Sansa Can't Help But Wonder… Is Winterfell Still Winterfell Without The Zsa Zsa Zsu?

Illustrated by Mallory Heyer.
Sansa Stark has had a tough time of it on Game of Thrones. But she's taking it one day at a time — in her journal. In this imagined column, Sansa Stark explores what it means to be a young woman at Winterfell à la Carrie Bradshaw from Sex and the City.
On a morning stroll through Winterfell — I find that it's meditative, and really helps with all my anxiety-induced sciatica — I paused to look at the grain count. We're horribly low on numbers. Just down to 4,000 bushels.
I'm told: "For the current occupants of the castle, it's enough for a year, perhaps more." Well, that's no good. I rolled my eyes, and gave strict instructions to store even more grain. Honestly, did no one think this could be a problem as we head into another Long Night? Note: I'm wearing my heaviest fur.
I also remind my staff that grain, though delicious, isn't the be-all, end-all of existence. There have been times when, instead of munching on grain, I've simply purchased the nearest copy of Vogue Westeros. I find the images nourishing. They seem doubtful. But, you know, if the remaining armies of the North trek back up to defend Winterfell, we're going to need something to nourish everyone.
"We must prepare for that eventuality," I say. This is my job now; this is who I am.
"Command suits you," Littlefinger mutters as I walk away. Lord Baelish is a constant presence at my elbow these days, offering tips, hints, doses of creepiness that send chills down my spine. Yes, it does suit me. I'm Sansa Stark, a direct descendant of Ned Stark.
Why does everyone — Jon Snow included, that righteous bastard — continue to treat me like I'm a lamb, toddling about Winterfell and trying to be a leader? I'm just as much a leader as anyone else. Moreover, Littlefinger is useless. At best, he's good for lurking around corners and the occasional easy errand. I find he's good at fetching wood for the fire.
"I know Cersei better than anyone here," he says, a blatant untruth. Cersei practically raised me; my mother, Catelyn, wasn't around much. (That happens when you have a brother vying for the Iron Throne and a wayward, sword-loving sister.) What is it about men that makes them so oblivious to the lives of women? Need I remind him that we spent hours together in the Red Keep during the Battle of Blackwater? (Not to mention, Cersei was the second woman who found out about my menstrual cycle. You can't fake that kind of intimacy.)
"You don't know Cersei better than anyone here," I remind him. Lord Baelish knows no one, really. He's a leftover person, I like to say: We all have our paths, our predetermined loyalties. He had the hots for my mother, and that's where his interests end. "Thank you for your wise counsel," I add for effect.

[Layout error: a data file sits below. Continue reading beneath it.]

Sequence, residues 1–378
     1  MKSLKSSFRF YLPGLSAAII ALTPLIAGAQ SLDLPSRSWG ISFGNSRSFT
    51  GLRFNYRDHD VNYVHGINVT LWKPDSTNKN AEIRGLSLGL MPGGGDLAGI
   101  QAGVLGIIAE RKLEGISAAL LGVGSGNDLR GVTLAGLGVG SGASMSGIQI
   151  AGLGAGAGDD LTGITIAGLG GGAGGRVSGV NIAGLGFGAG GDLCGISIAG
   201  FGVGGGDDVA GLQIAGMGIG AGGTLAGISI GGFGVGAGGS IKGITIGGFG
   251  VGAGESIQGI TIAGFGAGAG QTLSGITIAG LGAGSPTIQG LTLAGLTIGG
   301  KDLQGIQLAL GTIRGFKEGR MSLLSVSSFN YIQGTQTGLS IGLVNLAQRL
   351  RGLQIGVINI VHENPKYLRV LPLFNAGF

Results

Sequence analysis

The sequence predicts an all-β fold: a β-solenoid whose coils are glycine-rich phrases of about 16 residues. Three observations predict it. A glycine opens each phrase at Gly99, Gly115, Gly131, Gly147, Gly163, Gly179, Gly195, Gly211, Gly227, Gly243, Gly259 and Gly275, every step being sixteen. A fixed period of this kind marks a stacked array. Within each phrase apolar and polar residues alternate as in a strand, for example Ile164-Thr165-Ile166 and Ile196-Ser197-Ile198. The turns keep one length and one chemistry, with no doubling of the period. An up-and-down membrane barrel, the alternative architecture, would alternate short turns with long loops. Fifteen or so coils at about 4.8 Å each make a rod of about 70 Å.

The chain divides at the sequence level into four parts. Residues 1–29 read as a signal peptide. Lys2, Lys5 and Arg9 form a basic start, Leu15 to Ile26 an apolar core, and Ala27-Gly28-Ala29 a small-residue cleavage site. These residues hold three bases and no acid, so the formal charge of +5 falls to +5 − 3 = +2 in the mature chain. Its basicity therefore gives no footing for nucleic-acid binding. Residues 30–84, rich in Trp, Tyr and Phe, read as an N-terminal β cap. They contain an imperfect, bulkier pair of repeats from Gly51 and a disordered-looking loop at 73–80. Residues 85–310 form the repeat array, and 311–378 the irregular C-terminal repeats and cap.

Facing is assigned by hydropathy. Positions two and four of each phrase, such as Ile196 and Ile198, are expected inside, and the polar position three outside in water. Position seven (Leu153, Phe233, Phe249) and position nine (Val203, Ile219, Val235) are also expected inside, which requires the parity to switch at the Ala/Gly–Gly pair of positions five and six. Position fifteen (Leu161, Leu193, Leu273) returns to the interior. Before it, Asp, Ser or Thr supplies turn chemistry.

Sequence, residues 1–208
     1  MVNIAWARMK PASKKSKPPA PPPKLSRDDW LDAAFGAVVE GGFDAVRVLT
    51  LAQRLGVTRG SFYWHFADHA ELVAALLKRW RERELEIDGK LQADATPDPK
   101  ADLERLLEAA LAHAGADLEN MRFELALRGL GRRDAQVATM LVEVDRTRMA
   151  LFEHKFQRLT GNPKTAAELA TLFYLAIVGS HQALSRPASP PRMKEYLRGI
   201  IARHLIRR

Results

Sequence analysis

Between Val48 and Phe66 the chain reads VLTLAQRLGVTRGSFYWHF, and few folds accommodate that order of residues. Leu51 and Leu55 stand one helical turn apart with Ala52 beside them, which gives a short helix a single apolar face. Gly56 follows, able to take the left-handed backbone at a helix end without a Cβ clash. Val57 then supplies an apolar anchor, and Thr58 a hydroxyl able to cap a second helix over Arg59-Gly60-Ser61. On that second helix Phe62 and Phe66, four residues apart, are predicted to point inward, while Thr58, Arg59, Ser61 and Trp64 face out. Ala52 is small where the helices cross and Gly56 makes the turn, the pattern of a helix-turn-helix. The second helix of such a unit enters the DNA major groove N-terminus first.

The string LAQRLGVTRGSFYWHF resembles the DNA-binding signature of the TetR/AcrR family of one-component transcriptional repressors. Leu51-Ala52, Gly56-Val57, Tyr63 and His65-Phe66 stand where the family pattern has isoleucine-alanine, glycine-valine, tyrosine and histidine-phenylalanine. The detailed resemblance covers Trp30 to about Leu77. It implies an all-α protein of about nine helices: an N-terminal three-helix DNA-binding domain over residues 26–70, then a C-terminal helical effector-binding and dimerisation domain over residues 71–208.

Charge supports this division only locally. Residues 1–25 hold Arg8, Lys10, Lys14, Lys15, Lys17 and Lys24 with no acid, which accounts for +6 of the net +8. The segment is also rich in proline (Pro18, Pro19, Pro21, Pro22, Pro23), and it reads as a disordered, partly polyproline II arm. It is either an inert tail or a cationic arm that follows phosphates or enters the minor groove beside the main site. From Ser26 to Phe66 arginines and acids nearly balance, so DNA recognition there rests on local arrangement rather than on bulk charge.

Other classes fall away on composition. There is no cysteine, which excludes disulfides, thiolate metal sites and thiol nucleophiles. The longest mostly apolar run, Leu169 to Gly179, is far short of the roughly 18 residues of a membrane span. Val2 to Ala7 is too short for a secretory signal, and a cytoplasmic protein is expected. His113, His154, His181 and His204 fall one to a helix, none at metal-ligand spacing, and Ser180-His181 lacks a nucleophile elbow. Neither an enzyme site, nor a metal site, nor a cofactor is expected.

There is no woman in the Seven Kingdoms who can hold an icy stare like I can. When it comes to men who were once infatuated with your mother, I couldn't help but wonder: How flippant is too flippant? I am, after all, his junior. But I manage the grains. I saved Jon Snow in the Battle of the Bastards! I now control the North. That should count for something.
I'm looking for a place to find some respite — perhaps a dank, icy alcove — when there's news of someone at the gate. It's Bran Stark, my long-lost brother who — I'll admit it — has never made sense to me. (He loved to climb on rooftops. I wanted my hair done. We weren't fast friends.) But still. It's Bran. When faced with a family member you haven't seen in years, you have no choice but to do one thing: Pause, hold for effect, then throw yourself at him.
The trouble with siblings is that you're meant to accept what they say at face value. This means when Bran tells me he's a three-eyed raven, I have to play along. Yes, Bran, you're the three-eyed raven. And I enjoy wearing this itchy-as-fuck wool coat.
He's very solemn these days, all furrowed-brow and blunt statements. (Stop asking about my dramatic past. Don't they teach manners beyond the Wall?) When did my little brother become a silent, miserable lout? I want him to be a chill, fun hang to accompany me as I run Winterfell. I want to wear furs, read Vogue Westeros, run this place like a benevolent queen, and punch Littlefinger once a day. But he's an idiot (he thinks he can see all), and so is Littlefinger. Moreover, where the fuck is Arya? There's so much I want from the Seven Kingdoms that just isn't happening.
After my reunion with Bran, I trekked back up to the estate. I made my way back to my bedroom, where I removed my fur, and flopped on my bed. No matter how many furs I wear or how much wisdom I demonstrate, all of Winterfell, including my newly prophetic brother, seems to see me as some pitiable child. No matter how far you travel or how cool you remain under the pressures of Cersei Lannister and a White Walker invasion, can you ever escape your past?
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